Which is to say that Craig fails to do exactly what he accuses me of doing since I could sit here and say: “Well, Craig shows his naivete in philosophy of religious epistemology by not showing any knowledge of the criticisms of reformed epistemology here. If he is going to make this short podcast (blog post), he needs to establish the foundations upon which he is making his claims. He not only needs to set out every claim to show that the historical claims of the New Testament are correct in his podcast (I am not prepared to look anywhere else, for example – not at his books, articles or previous podcasts), he needs to show how reformed epistemology works incontrovertibly, as well as set out the data for motivated reasoning.

Because he said:

“He can’t just ignore the current trends in critical biblical scholarship and philosophy of religion; he needs to take some time out and do some reading in these areas…”

In other words, he is a massive hypocrite.

I have done this for over ten years and it is all out there for him to see if he wants to spend a few months reading my back catalogue. Even if he never reads them, I would like him to buy all of my books. Twice. At least.

The Single Area of Worthy Debate

I think the single area of interesting debate that can be derived from Craig’s podcast, inasmuch as I have already talked about all of these other topics in previous writings (blogs, essays and books) and videos/podcasts as well as public debates and talks (they are interesting but not new for me), is the idea that you can derive theology and belief in the Risen Jesus without recourse at all to the Bible and tangible evidence. This is around the 22:30 mark of his podcast and is an interesting claim. I don’t think it adds up at all, though.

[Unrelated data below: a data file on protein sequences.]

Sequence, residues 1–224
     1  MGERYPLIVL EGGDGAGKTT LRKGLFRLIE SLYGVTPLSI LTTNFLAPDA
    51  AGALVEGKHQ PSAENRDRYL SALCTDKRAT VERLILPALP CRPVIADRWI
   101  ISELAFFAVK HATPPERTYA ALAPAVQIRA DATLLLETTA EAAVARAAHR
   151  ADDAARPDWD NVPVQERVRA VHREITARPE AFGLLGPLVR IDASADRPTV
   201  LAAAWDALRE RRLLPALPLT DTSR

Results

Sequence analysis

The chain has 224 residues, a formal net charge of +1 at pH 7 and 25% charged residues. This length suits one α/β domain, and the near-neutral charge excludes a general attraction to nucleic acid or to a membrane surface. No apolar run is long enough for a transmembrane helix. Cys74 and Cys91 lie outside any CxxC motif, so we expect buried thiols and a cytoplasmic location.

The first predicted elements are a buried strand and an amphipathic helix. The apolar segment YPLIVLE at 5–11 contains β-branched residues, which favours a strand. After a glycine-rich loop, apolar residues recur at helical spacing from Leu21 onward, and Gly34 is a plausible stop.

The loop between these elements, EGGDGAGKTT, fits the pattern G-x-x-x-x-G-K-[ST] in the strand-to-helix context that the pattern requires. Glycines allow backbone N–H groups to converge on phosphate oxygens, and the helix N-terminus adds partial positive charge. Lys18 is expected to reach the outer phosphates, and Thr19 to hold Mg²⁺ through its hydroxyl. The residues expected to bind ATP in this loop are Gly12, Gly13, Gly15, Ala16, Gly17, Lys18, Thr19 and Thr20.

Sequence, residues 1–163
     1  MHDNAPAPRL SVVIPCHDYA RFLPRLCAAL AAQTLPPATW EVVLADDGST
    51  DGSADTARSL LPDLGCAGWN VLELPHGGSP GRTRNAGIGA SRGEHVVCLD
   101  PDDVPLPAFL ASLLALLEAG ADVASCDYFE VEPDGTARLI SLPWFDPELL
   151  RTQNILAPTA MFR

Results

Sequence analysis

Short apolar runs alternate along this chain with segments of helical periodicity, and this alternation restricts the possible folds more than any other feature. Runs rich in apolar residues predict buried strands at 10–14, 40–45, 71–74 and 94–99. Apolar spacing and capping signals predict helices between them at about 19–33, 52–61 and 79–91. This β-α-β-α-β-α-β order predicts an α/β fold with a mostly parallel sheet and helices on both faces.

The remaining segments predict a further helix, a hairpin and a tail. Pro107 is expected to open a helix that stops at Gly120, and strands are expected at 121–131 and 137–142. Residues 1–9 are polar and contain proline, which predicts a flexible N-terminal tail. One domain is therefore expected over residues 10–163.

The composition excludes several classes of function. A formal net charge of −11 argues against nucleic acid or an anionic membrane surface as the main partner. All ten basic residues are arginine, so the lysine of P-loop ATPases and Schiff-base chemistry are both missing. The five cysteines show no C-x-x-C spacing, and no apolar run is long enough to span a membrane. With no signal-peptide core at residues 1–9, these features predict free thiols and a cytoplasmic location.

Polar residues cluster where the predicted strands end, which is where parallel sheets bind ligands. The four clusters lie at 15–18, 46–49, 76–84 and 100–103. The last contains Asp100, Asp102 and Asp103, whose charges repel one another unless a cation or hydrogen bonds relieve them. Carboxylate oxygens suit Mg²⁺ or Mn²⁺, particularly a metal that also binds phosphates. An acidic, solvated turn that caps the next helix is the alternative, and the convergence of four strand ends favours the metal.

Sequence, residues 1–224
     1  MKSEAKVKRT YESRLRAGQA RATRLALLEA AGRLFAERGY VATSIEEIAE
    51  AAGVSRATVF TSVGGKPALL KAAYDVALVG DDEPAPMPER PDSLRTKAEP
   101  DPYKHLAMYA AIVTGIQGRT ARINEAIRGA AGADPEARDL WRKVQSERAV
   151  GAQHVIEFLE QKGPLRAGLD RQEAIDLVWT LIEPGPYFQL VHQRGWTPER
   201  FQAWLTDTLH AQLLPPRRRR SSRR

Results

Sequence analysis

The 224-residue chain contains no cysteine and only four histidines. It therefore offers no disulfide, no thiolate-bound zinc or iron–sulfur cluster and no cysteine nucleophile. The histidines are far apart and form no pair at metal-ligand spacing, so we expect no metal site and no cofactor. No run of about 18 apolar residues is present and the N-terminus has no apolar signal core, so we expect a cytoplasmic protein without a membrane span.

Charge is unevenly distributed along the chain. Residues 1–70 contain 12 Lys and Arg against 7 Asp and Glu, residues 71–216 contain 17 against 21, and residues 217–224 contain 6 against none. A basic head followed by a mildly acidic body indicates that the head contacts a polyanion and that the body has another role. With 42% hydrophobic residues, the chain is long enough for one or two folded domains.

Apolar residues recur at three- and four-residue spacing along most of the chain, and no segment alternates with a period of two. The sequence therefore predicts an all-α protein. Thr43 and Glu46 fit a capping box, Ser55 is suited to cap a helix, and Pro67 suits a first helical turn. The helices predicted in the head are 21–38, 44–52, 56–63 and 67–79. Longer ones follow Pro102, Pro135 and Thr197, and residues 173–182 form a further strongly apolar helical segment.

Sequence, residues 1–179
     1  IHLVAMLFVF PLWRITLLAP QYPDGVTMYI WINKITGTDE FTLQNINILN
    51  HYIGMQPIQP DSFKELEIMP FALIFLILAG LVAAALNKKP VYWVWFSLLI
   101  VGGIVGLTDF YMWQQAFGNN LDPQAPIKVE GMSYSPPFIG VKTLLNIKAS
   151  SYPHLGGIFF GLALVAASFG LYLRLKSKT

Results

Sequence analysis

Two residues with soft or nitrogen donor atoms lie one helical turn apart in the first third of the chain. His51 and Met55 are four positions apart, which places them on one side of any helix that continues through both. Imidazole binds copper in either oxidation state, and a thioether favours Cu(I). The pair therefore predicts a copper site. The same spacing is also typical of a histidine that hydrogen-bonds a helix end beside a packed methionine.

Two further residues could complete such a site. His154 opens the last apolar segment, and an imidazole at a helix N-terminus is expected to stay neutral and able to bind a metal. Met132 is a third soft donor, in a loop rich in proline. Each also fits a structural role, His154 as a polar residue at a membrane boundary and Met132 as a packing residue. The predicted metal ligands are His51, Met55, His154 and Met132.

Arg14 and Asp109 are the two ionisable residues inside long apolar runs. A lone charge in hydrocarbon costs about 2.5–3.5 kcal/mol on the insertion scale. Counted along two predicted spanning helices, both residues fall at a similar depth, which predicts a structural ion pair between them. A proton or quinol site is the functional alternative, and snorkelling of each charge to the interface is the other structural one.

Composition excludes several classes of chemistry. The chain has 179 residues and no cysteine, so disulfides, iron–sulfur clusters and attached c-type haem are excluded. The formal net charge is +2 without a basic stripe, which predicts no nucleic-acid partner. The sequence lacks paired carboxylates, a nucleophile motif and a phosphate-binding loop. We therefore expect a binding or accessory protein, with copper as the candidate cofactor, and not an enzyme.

But, my, he espouses problematic and ill-thought-out views concerning illiterate peasants who have no access to the Bible and libraries but who can know rationally that Jesus has risen from the dead. The point, similar to the Amazonian tribesman point, is that if this person didn’t have access to other people who have themselves had access to those sources and evidence, then he must receive the entirety of the intellectual content of those sources that leads to rational belief (i.e., the Bible, religious books etc.) from personal revelation alone.

In order to understand and believe in any meaningful way in the Risen Jesus, the peasant would have to know who Jesus was, understand to some degree the theology of the Holy Trinity, understand “facts” about Jesus’ life in order for the idea of him being risen to have any purchase at all, and so on. All of this kind of knowledge is based, in the real world, on the Bible and its claims. For someone to have that knowledge and belief in Jesus without recourse to evidentialism is to have all of the claims and knowledge from the Bible to be delivered in personal revelation.